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Despite Growth, Finding Skilled Workers a Challenge for Tech Industry

BY ANDREA SIEDSMA

Companies on the forefront of technology generally invest during downturns in the market because when the upturns come they can seize the opportunities. At least that’s Ed Brown’s M.O.

Brown is president of San Diego-based Cymer Inc., which supplies excimer light sources in the deep ultraviolet spectrum that are used in the photolithography process in semiconductor manufacturing.

Just about every modern electronic device , from cell phones to PDAs to PCs and iPods , includes chips manufactured using Cymer’s light source.

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Due to the growing demand for high-performance chips, Cymer’s business continues to soar. The company grew 43 percent last year, according to Brown, and plans to add about 200 employees nationwide in 2008 (about 160 in San Diego).

“We have new technology that we are developing that we have already accepted orders for, and we have to deliver by year’s end,” Brown said. “We will also be in a mode where we will increase our R & D; spending (in 2008).”

In January, Cymer, which was launched 22 years ago, expects to complete the construction of its new, 50,000-square-foot expansion in Rancho Bernardo. The facility will partly be used to manufacture Cymer’s new extreme ultraviolet light source, which will be driving chips starting in 2010.

Brown said business for companies like Cymer will depend more and more on consumer demand and spending. He said although some electronics companies have experienced flat growth during the last couple of years, 2008 may prove to be a good year for some.

“If consumer spending is positive during the (2007) holidays, you will see more companies enter into new markets,” he said. “If consumer spending is flat it could cause people to slow their capital investments. But I’m optimistic. I’m telling everyone to buy their kids iPods.”

For Gioia Messinger, founder and CEO of San Diego-based Avaak Inc., the timing couldn’t be better for the growth of her company.

Founded in 2004, Avaak develops ultra-low power integrated wireless video sensor platforms that use digital imaging and other sensors to provide real-time video networks. The company increased its staff by 50 percent in 2007. Avaak, which now has 20 employees, will double that again in 2008, Messinger said.

The company’s technology, which was primarily developed for the defense market, is now also being developed for the consumer market.

Due to this shift, Avaak plans to increase its R & D;, sales and marketing, and operations budgets in 2008, Messinger said (although she did not give exact figures).


Out Of Orbit

Avaak’s growth in 2008 and beyond will be fueled by the increasing popularity for high quality streaming video, from popular Internet sites like YouTube to the various video and imaging sits on the Web, Messinger said.

She believes the San Diego wireless industry in the next few years will begin to break away from the Qualcomm mold as technologies like Avaak’s become more popular.

“A lot of the San Diego tech industry has been focused on the cellular business,” she said. “Now you’re seeing potential diversification away from being Qualcomm-centric to more distributed type of wireless technologies that have to do with moving data from one place to another efficiently. There are many opportunities in video networks and social networks. We are a new breed of companies. I look forward to a prosperous 2008.”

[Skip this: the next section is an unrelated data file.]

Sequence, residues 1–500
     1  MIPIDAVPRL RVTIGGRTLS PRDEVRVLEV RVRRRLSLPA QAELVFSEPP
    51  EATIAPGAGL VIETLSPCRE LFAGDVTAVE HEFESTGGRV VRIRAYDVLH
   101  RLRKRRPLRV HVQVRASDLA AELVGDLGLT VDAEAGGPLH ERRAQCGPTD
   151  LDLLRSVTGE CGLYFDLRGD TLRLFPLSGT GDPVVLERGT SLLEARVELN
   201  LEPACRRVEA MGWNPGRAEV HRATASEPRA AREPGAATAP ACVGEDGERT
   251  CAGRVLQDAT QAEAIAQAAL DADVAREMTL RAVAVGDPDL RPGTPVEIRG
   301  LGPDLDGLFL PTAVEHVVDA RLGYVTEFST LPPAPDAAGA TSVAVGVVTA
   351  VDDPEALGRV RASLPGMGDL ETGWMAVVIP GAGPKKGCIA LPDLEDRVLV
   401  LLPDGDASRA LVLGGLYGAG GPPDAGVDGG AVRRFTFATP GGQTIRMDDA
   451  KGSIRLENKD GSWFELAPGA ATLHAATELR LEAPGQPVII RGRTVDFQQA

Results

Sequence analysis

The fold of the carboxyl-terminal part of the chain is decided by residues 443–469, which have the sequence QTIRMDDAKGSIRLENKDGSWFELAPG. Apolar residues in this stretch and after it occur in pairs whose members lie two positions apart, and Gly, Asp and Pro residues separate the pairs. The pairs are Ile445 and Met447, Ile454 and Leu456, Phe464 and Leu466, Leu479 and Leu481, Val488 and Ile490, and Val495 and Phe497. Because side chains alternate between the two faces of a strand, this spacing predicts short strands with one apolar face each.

Not all tech firms will be so lucky, however. One of the many challenges local companies will face in 2008 will be access to capital.

So says Rory Moore, director and CEO of CommNexus San Diego, a communications industry trade organization. Although San Diego is home to a handful of solid venture capital firms, many local tech entrepreneurs still have to go out of town to get the capital they need, Moore said.


Silicon Valley’s Pull

“San Diego companies also have to compete against the companies that are in the back yard of the Silicon Valley VCs,” he said.

Recruiting talent will also continue to be a struggle for tech firms, he said.

“Getting someone to relocate to San Diego is very hard,” Moore said. “It’s hard to get people to leave an area where they are comfortable and have a huge network. An engineer recently told me, ‘If I leave the Valley I’ll never get back.’ He said he wouldn’t be able to go back to buy a home and he’ll lose his contacts there for new jobs and opportunities.”

To help ease the talent crunch, Moore said local universities such as UC San Diego and San Diego State University are getting better at churning out top engineering and technical talent, as well as strong business majors.

That will continue to be a strong factor in San Diego’s continued high-tech success, he said.

Despite some challenges, Kevin Carroll, executive director of the local AeA, formerly the American Electronics Association, chapter, predicts that overall, business for San Diego’s technology companies will be about the same in 2008 as it was in 2007.

“One of the reasons is we have so many small and medium-sized companies that we’re usually able to ride roller-coaster cycles,” he said. “If one sector is down we have another sector that is up. We saw that during the 2001 telecom downturn. During that time, other sectors in the economy were able to separate San Diego from the major economic disruptions we saw in other regions.”


Andrea Siedsma is a freelance writer based in Encinitas.

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